Whether pursuing officers must have “probable cause” to believe a suspect is present before entering his own home remains an unresolved question at the federal level as well. Of course, they must have probable cause to believe the person to be arrested has committed a crime. (See, e.g., Beck v. Ohio (1964) 379 U.S. 89, 85 S.Ct. 223, 13 L.Ed.2d 142; Comment, 28 U.Chi.L.Rev. 664 (1961).) Furthermore, it is well settled officers cannot enter a third person's home to arrest the suspect unless they have “probable cause” to believe he is there. (Llaguno v. Mingey (7th Cir. 1984) 739 F.2d 1186, on reh. (1985) 763 F.2d 1186); Fisher v. Volz (3d Cir. 1974) 496 F.2d 333; cf. Steagald v. United States (1981) 451 U.S. 204, 101 S.Ct. 1642, 68 L.Ed.2d 38 [arrest warrant and officer's reasonable belief arrestee present insufficient to authorize entry of third person's home to search for arrestee in absence of exigent circumstances or detached scrutiny of judicial officer as to probable cause to believe arrestee present]; see also, La Fave, Search and Seizure (1978) § 6.1, p. 374, and cases cited therein.) But the United States Supreme Court has reserved the question whether officers must have a full measure of probable cause to believe the suspect is in his own home before entering that dwelling. In Payton v. New York, supra, 445 U.S. 573, 100 S.Ct. 1371, the high court considered and rejected the notion a police officer could enter a suspect's home to arrest him without a warrant and without exigent circumstances. Along the way the court observed: “Before addressing the narrow question presented by these appeals, we put to one side other related problems that are not presented today․” (445 U.S. at pp. 582–583, 100 S.Ct. at pp. 1377–1378, italics in original.) “We ․ note that in neither case is it argued that the police lacked probable cause to believe that the suspect was at home when they entered.” (445 U.S. at p. 583, 100 S.Ct. at p. 1378, italics added.)
There is some authority in lower federal courts and other states suggesting a full measure of probable cause about the suspect's location is required before entering his premises. In United States v. Phillips (9th Cir. 1974) 497 F.2d 1131, agents broke into the suspect's place of business at midnight for the purpose of arresting him. The Ninth Circuit ruled this an unlawful entry and suppressed evidence agents found in the office specifically because “the agents did not have probable cause to believe that Phillips was in the office building at the time of the raid.” (497 F.2d at p. 1136, italics added.) (See also United States v. Shye (6th Cir. 1974) 492 F.2d 886 [found probable cause only because suspect's getaway car, still warm, was parked near his home and door was seen to open and close]; State v. Peacher (W.Va.1981) 280 S.E.2d 559 [no probable cause even though air conditioner on in suspect's locked house trailer]; and People v. Briscoe (1974) 51 Mich.App. 153, 214 N.W.2d 877. See generally, La Fave, Search and Seizure, supra, § 6.1, and cases cited therein.) On the other hand, one commentator observed in the mid–1970's that cases “allow the intrusion [into a suspect's home] when ․ officers do not have probable cause to believe the suspect is at home at the time and ․ even when the police have reason to think that the suspect is not at home.” (Rotenberg & Tanzer, Searching for the Person to be Seized (1974) 35 Ohio St.L.J. 56, 67.)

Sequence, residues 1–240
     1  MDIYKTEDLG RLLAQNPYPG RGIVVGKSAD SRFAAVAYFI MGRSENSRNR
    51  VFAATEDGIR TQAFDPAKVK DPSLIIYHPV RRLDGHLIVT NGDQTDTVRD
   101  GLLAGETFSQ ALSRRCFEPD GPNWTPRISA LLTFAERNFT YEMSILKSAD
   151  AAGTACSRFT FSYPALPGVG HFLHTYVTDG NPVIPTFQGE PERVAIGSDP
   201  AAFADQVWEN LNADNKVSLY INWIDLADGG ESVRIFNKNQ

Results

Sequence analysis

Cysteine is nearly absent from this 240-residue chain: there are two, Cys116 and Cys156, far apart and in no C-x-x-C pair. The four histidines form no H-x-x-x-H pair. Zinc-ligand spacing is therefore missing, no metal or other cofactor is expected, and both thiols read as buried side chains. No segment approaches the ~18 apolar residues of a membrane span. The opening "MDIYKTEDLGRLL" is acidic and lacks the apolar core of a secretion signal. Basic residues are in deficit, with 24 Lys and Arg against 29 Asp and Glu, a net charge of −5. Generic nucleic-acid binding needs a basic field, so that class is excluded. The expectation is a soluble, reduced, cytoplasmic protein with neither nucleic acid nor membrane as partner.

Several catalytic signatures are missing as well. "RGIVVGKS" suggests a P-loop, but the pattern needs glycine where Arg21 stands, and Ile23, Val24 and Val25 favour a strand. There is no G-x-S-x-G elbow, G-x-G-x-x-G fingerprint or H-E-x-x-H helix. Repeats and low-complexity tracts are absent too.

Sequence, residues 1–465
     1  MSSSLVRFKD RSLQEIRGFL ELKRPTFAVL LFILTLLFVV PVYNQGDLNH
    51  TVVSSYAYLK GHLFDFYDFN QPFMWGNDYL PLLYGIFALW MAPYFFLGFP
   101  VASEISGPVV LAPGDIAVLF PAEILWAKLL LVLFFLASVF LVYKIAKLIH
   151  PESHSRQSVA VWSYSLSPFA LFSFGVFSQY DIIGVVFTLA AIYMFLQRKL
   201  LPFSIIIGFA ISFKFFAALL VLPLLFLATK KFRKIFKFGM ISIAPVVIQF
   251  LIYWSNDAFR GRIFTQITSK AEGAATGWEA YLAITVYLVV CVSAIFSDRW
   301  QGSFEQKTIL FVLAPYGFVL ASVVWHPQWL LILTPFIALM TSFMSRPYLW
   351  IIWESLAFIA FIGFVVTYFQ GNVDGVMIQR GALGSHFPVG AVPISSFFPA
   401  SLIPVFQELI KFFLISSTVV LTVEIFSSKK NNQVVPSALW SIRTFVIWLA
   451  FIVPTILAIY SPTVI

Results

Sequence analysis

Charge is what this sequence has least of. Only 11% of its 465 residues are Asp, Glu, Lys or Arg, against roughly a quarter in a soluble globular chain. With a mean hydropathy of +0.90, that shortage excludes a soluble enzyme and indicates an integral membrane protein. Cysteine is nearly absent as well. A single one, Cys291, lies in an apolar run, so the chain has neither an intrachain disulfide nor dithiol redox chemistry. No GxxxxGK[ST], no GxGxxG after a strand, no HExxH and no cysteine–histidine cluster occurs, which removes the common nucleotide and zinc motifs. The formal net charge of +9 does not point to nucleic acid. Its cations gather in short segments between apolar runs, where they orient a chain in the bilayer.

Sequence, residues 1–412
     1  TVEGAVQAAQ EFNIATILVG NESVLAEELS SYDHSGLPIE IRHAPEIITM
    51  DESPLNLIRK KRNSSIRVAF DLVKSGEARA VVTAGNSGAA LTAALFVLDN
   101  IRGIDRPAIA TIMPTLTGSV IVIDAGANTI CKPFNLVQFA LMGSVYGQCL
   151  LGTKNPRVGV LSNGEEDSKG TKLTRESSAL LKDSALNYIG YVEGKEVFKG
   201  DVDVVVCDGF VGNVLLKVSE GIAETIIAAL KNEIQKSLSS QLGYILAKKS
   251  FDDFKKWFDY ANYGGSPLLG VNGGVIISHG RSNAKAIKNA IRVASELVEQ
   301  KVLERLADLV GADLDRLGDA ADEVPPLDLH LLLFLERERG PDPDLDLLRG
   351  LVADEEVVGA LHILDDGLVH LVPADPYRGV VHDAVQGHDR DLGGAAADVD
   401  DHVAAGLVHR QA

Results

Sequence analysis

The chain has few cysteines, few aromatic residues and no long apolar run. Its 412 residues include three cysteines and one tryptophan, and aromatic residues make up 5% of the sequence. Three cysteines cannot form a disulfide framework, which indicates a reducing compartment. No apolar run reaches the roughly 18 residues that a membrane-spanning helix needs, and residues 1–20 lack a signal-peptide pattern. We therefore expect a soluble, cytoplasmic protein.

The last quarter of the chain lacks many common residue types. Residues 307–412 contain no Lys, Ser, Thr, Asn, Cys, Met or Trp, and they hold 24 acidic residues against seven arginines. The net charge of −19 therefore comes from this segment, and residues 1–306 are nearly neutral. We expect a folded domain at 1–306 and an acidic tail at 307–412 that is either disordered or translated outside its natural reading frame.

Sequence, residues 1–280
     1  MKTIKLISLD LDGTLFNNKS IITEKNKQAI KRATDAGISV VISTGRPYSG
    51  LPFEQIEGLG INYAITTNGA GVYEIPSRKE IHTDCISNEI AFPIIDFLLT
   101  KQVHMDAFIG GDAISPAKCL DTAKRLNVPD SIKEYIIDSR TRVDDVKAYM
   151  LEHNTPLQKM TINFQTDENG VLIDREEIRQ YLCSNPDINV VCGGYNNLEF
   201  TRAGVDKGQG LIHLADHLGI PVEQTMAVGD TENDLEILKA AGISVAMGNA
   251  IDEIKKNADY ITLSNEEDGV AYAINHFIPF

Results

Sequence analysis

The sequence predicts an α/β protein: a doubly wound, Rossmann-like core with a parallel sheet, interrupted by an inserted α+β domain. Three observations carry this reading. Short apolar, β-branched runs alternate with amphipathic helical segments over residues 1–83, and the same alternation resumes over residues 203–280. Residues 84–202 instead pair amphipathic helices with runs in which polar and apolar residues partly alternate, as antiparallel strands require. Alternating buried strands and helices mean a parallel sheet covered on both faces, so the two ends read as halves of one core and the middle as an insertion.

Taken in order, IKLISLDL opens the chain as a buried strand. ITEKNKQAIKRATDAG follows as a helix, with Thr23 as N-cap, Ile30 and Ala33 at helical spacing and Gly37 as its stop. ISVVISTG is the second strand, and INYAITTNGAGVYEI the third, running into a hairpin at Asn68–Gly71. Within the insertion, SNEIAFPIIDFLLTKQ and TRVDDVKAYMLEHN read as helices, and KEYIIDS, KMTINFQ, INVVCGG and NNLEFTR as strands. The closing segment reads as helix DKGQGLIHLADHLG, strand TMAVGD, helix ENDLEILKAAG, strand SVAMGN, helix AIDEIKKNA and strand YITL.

At this point, it remains uncertain whether pursuing officers may enter a suspect's home without a full measure of “probable cause” to believe he is present. But in California and under recent U.S. Supreme Court authority there is no doubt they must possess some quantum of evidence on this question. Conceivably, it may be less than “probable cause,” but it is at least an objective standard requiring the officers have enough to reasonably infer the suspect is at home.
At a minimum, the officers in the instant case were governed by the federal standard articulated in Payton v. New York, supra, 445 U.S. 573, 100 S.Ct. 1371, which only sanctions entry of “a dwelling in which the suspect lives when there is reason to believe the suspect is within.” 2 Meanwhile an oft-cited Circuit Court opinion has phrased a standard in language which differs both from the traditional “probable cause” formula and the Payton decisions “reason to believe.” It would sanction entries to find a fleeing suspect only where the officers have “strong reason to believe the suspect is in the premises being entered.” (Dorman v. United States (D.C.Cir. 1970) 435 F.2d 385, 393.)
The California Supreme Court cases do not appear at odds with the U.S. Supreme Court's formulation in Payton. They likewise establish a “reasonable belief” standard and likewise leave open the question whether this means a full measure of “probable cause” or something less.